5 Ways to Make Your Resume Stand Out

Photo (cc) by gloomybrook

According to a recent study by TheLadders, recruiters only spend about six seconds looking at your resume. During those few seconds, recruiters decide whether your resume goes into the callback pile or becomes a coaster for their morning coffee.

So how do you make it into the callback pile in those mere seconds? By thinking outside the box and crafting a resume that will hold the recruiter’s attention. Here are a bunch of ways to do just that.

1. Use buzzwords

When recruiters browse through resumes, they’re looking for keywords that match the job description. Including base keywords will get their attention, but you can take it a step further. Check out the company’s website and look for any company goals that fit your experience, then include those keywords on your resume as well.

Say, for example, that I’m trying to land a job at Jamba Juice’s corporate office. I quickly browsed their website and found out that the company is big on fighting obesity through healthy living and they donate to organizations that build local community gardens. In my career objective, I could say that I am looking to work for a company that cares about healthy lifestyles. I might even explain how I helped build a co-op garden in my neighborhood. Now my resume doesn’t just have keywords that fit a job description, it has buzzwords that get a recruiter’s attention.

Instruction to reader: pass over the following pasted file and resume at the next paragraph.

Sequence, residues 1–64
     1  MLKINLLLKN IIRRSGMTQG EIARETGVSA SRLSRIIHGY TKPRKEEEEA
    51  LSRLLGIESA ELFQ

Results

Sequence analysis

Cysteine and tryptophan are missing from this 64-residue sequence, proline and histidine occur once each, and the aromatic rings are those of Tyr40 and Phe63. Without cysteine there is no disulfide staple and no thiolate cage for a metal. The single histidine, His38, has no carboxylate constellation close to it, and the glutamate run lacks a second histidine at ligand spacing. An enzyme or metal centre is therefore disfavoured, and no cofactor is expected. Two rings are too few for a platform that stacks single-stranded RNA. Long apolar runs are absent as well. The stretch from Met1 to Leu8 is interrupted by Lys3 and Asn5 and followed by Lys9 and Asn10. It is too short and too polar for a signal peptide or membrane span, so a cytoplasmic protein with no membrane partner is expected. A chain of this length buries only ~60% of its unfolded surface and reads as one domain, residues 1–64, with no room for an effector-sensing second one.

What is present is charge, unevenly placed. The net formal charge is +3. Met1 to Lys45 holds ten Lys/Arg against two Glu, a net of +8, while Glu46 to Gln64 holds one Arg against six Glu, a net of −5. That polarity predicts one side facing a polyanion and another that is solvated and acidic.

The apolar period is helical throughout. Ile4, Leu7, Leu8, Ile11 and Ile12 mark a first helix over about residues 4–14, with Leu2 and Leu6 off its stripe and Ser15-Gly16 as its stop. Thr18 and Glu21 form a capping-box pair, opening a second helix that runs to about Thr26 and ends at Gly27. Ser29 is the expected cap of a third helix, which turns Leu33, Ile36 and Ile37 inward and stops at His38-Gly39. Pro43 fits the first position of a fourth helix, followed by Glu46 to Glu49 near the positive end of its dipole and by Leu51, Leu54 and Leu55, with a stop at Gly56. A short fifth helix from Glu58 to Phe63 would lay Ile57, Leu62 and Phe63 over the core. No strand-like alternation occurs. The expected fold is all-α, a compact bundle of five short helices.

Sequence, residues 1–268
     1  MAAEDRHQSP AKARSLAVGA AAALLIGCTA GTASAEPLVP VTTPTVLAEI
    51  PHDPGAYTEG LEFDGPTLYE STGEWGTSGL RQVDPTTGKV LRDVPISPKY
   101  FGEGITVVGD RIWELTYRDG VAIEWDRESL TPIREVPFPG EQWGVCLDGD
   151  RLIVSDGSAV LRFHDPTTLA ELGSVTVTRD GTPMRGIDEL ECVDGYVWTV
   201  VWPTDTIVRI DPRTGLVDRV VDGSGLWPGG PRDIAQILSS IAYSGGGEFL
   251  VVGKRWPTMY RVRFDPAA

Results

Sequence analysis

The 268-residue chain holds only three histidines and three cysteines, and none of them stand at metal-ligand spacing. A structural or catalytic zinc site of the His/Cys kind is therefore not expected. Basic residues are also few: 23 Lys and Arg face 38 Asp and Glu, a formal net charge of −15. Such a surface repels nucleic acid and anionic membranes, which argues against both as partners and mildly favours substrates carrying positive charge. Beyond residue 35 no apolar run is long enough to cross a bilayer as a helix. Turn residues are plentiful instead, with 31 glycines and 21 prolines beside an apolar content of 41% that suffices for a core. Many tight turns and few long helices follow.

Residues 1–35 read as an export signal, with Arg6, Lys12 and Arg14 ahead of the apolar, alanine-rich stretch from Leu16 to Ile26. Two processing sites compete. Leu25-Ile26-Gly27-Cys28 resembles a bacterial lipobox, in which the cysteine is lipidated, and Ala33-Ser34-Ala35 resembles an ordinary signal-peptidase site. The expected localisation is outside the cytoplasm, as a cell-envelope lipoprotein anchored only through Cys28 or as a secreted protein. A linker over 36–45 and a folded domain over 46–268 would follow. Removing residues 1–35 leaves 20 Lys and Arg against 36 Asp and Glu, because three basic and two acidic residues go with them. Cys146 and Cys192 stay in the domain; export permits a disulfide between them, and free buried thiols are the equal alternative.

2. Add quirky accomplishments

My friend is a pastry chef. Her professional accomplishments are similar to everyone else’s in her line of work. She went to cooking school, did an internship at a nice restaurant, and worked her way up. Her resume looks a lot like any pastry chef’s resume with one surprising difference. Under personal accomplishments she wrote, “Won the 2007 St. Bernard Parish Pie Eating Contest.” It isn’t something you’d expect. She’s been asked about the contest on several interviews, which is the perfect time to tell the recruiter that she also baked all of the pies for the contest.

Injecting some personality into your resume can help you stand out from the crowd, but anything you list should in some way relate to the job you want. Like my friend’s pie eating trophy, it is the perfect segue to talk about her original pie recipes.

3. Turn your resume into an infographic

Your resume doesn’t have to be a one-page chronological list of achievements. Just ask college journalist Chris Spurlock. Last year he turned his resume into an infographic. Not long after, Spurlock’s resume went viral and was cross-posted on blogs and Twitter. By the next day, J School Buzz, an independent blog about the Missouri School of Journalism, said Spurlock’s portfolio website had had more than 8,000 visitors.

He had the right idea. If you’re in a creative field like marketing, journalism, or web design, making your resume look different from the standard one-page chronological list will make it stand out from others and show off your talents. If you want an example of this kind of resume, you can see Spurlock’s on the Huffington Post.

4. Include unusual odd jobs from your past